“Exploring the intersection of sustainability and rapid development, this post delves into my experiences and observations after relocating to Bali, Indonesia. It’s a call to action for combining European technological insights with local design principles to address crucial issues in energy, waste management, and water conservation.

Move to Bali

It’s been two months since we packed up our stuff and moved to Bali, Indonesia.  If you stay for too long in one location, you forget the world is a big place and the issues you see in daily life…aren’t really as big as you thought. 

💡Can the developing world look for inspiration in Energy, Waste & Water and transport from the developed world? I mean an inspiration, to learn from the lessons and avoid taking the wrong paths.  I think it should, and I would like to explain why. 

Indonesia is the world’s fourth most populous country, 15th by landmass and spread over three timezones.  This land is in many metrics a success story – the economic growth has brought lots of people out of poverty, life expectancy has been rising steadily and access to basic education is universal.  It is also a democracy, with the presidential elections coming soon, and you really notice it on every step. 

Rapid developement vs. Sustainability

📈As rapidly as Indonesia is developing, there is much to be desired in making the development sustainable. Most of its energy is fossil, forest fires ale blazing yearly since 2001 and not getting under control. The starting El Niño will not make things better. 

⚡Infrastructure – power, water, wastewater, roads. Sometimes it makes you feel, like there are few rules that govern their development. 

Is it possible to combine rapid growth with sustainability? Sustainability is, in my opinion, more about design than technology. A technology is in many ways an enabler of design, but it must be used correctly. Sustainability means planning, taking a time to think. 

Bali is a place that is rapidly growing. Home to 4.5 million inhabitants and, annually, about as many tourists. As you can expect, the “Island of Gods” suffers from the rate of growth.  

Bali infrastructure

Buildings are popping up at a breakneck speed. As are the AC units, keeping them cool, even cold – set to maximum power🥶. There is little thought, or rather action, about designing buildings that require less active cooling. Flat roofs, thin concrete walls, little shading and ventilation, no insulation. Although the traditional design has kept this in mind, new construction seems to omit the logical design elements. 

All the electricity required to power the ACs has to be supplied and distributed. I already notice that the supply is unstable, and the high season hasn’t started yet. Most of the electricity, cheap by European standards,  is supplied by gas or diesel generators, and imported from Java’s coal fired plants. Rather than expanding the capacity, the demand can be lowered. By design.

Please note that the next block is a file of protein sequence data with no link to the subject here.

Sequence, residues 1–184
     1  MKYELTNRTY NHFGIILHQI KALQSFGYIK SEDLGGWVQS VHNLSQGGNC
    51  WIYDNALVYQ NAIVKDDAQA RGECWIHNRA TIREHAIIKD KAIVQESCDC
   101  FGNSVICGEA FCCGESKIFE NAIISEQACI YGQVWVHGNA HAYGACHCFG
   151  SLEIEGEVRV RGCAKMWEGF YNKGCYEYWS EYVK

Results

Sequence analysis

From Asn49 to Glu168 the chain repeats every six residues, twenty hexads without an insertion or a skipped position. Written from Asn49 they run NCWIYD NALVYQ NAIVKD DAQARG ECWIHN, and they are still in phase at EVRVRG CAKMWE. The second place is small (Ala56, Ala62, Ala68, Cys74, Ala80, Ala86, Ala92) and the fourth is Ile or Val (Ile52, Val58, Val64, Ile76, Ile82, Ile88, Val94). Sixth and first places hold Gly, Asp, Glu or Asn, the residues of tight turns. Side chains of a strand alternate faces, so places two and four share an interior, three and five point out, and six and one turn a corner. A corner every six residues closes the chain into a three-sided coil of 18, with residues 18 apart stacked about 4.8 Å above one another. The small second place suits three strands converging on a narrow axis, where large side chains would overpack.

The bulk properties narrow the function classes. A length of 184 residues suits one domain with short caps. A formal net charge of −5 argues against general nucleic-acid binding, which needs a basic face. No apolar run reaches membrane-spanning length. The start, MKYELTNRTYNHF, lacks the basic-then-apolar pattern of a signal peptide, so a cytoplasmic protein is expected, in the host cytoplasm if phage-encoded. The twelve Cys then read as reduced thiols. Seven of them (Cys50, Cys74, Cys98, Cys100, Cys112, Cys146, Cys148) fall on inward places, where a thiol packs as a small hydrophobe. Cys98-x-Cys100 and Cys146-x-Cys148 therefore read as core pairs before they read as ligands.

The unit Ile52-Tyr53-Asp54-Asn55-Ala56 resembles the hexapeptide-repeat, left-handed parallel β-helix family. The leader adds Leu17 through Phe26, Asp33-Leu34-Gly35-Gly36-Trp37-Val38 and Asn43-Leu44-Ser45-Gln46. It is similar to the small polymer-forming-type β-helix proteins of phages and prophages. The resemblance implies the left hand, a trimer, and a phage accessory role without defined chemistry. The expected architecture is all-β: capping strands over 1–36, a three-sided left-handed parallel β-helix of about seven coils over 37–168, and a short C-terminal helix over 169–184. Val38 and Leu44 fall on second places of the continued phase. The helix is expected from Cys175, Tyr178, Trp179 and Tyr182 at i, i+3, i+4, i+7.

Waste water treatment is rudimental, with few centralized installations and most smaller establishments fitted with a cesspit, draining into the surface waters, or infiltrating the soil. As a result, rivers are turned into sewers, stinky and dirty. The coastal waters suffer accordingly. After each rain, it’s better to skip a swim or a surf session. A big shame. 🚱Groundwater from local wells, used for tap water, is not suitable for drinking, unless after RO treatment. Simple grey/black water separation and refitting to aerobic treatment would at least lower the organic loading of surface waters. 

🔥Solid waste is an issue that makes it a lot into the media, the largest local landfill burns every year. This year, it was smouldering for several months, until the rainy season started. Sadly, I see every day, how biological waste and garden waste is thrown in the same bins as plastic and brought to the very landfills atop overfilled trucks.  In remote areas, with no waste collection, littering is the last resort. Rivers and beaches are a proof. I believe, non-compostable plastic waste could be turned to energy, while the biological waste should be separated and composted. 

Research with Udayana University in Denpasar

I don‘t just want to be a part of the problem, but also a part of the solution. 🔬 Beginning of next year, I am starting a research project with Udayana University in Denpasar on the issue of solid waste. 

☝️I think, Indonesia can also profit from European technologies, combined with locally appropriate design. The market is present, and the opportunities are endless. Do you have a plan to develop here further and would like to have a technical communicative European on board?  I would love to get connected. Since you already read to here, be sure to comment or write. Equally, happy if you spread the word. 

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